Mental Health America of Greater Houston's Response to the Sandy Hook School Shooting

Mental Health America of Greater Houston is deeply saddened by the tragic loss of life at Sandy Hook Elementary School in Newtown, Connecticut, and joins the nation in mourning. We know there will be difficult days ahead for survivors and their families, and our thoughts and prayers are with them and all who are affected. 

When tragedy strikes, a common thought resonates about what could have been done to prevent it in the first place.  While much remains unknown about this incident, it is imperative that we come together as families, as communities and as a nation to prevent another unthinkable tragedy.   As a country, we all should be prepared to care for each other’s public health and safety.  Accomplishing this is possible. People must generally learn to identify warning signs of someone who is experiencing emotional distress or who may be dealing with a mental health concern and is in crisis.  They must also have the confidence to respond when they are aware of an issue and the knowledge of how and where to refer a person whose actions or behaviors could pose a potential threat or prove harmful to the person, another person or the public. Nationwide, mental health advocacy organizations are continually training educators, young people and others using best practices and proven prevention and intervention strategies to deter tragedy and to ultimately save lives.

The stigma of mental illness and the perception that people with mental illnesses are dangerous is a myth that must be dispelled.  People with mental illnesses are seldom the perpetrators of violence, and in many cases they are the recipients of violence. However, when there is a tragedy of this kind, people with mental illnesses are unfairly portrayed as dangerous. People with mental illnesses share the nation's grief and sorrow at times like these, but they are also on the receiving end of stereotypes and discrimination because of inaccurate perceptions. Their fear of persecution or judgment can create isolation, hinder them from seeking help, and perpetuate a serious health problem placing them at risk of adverse outcomes that most likely would not occur if they received treatment. Individuals living with brain and behavior disorders most likely will not commit an act of violence, but they are still in need of help. Their families also need support.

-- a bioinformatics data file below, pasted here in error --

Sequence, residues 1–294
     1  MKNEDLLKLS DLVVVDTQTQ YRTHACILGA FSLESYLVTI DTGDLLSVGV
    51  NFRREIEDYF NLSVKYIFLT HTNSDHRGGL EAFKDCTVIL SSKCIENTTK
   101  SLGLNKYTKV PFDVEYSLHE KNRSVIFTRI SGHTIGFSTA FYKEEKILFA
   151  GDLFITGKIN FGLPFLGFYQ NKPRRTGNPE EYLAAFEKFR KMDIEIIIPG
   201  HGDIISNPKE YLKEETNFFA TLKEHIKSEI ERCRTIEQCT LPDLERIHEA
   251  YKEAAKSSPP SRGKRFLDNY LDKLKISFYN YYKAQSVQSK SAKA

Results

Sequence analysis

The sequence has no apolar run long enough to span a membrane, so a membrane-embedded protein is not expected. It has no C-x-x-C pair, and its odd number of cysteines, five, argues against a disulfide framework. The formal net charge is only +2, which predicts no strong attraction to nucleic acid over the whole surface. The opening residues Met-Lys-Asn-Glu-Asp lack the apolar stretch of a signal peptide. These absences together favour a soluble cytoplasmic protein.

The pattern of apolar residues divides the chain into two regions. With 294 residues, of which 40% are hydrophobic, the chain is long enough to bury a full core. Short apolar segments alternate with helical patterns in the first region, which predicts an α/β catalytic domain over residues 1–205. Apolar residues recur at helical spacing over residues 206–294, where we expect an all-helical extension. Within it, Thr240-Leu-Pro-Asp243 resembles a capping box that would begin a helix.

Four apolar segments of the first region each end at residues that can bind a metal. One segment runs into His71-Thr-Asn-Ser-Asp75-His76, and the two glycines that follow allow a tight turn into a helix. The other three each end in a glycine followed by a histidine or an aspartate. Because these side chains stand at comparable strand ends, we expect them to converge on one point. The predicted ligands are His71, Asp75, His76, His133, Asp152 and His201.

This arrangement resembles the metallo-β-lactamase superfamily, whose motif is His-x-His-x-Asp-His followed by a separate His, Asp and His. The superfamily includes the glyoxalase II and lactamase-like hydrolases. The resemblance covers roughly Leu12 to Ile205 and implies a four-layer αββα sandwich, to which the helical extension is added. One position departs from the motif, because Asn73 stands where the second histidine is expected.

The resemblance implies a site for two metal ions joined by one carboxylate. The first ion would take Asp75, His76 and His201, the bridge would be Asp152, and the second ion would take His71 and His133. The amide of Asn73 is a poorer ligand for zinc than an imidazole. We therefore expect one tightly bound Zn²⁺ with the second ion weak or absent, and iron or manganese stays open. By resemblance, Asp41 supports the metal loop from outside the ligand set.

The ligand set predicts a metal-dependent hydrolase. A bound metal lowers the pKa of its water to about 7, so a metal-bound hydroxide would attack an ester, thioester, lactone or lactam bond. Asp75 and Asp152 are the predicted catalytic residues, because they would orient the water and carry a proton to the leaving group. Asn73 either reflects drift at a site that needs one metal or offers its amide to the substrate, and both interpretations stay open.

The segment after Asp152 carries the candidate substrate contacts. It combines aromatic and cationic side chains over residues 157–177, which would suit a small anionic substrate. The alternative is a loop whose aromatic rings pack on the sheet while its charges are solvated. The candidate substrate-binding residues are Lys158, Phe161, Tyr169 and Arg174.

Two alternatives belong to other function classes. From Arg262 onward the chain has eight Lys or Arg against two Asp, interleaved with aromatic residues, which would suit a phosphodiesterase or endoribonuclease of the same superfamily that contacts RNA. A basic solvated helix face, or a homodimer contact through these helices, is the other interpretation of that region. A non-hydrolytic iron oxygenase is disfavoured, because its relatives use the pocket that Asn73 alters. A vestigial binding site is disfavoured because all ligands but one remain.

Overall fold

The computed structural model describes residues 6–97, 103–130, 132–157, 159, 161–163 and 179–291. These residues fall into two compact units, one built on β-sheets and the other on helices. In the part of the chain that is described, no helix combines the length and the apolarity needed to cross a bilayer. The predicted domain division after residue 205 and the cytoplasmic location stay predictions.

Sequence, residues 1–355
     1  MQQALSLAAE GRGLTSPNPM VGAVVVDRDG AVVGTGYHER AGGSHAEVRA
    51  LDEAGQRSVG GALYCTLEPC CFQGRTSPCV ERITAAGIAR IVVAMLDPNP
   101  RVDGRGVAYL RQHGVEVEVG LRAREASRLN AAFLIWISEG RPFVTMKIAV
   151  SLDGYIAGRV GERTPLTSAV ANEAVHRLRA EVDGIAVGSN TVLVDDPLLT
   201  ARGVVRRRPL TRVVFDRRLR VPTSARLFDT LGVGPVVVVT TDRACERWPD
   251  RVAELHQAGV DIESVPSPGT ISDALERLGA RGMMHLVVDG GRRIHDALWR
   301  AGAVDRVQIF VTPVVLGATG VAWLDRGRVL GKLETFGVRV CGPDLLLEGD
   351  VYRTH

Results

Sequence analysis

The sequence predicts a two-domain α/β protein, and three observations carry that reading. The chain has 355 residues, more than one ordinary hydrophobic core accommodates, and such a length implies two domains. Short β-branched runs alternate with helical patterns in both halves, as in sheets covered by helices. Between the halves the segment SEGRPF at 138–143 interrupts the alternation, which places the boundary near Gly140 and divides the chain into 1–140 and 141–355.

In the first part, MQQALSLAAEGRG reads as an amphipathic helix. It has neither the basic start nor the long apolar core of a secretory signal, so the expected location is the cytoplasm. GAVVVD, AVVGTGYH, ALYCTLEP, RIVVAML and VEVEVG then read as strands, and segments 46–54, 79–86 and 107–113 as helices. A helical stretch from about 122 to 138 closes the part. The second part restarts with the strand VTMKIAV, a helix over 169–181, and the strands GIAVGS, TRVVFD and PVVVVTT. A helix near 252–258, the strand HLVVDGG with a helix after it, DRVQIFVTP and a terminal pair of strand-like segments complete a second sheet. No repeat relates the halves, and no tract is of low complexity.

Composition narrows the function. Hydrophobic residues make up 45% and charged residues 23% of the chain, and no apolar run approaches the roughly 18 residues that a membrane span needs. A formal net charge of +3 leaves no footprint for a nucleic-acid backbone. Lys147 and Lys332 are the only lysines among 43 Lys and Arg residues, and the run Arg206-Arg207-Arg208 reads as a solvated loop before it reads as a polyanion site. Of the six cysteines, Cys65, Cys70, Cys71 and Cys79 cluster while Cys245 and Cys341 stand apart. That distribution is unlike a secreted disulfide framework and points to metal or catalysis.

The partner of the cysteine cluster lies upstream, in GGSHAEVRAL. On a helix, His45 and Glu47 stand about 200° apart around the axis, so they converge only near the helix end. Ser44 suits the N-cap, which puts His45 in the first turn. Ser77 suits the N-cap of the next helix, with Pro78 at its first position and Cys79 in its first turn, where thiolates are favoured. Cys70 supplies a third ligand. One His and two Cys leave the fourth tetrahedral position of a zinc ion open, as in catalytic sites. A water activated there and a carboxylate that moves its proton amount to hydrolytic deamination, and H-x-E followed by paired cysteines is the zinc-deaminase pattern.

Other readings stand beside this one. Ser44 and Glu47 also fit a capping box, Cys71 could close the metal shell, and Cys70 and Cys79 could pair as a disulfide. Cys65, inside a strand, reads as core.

Stigma is a major factor for some people choosing to get help for a mental illness. Cancer and HIV/AIDS are both serious medical conditions that were so taboo that they were not publicly discussed or acknowledged. Now people display pink ribbons for breast cancer and red ribbons for HIV/AIDS, tell their stories, share resources and offer hope to individuals living with these illnesses, to their families and others who care for them. This is a cultural change in attitudes that significantly progressed over the last 30 years.  This happened in our lifetime and with the same type of education, understanding and rallying, the perception of mental illness—a serious medical condition that often occurs with other health problems—can also change and help improve the wellness of people and communities.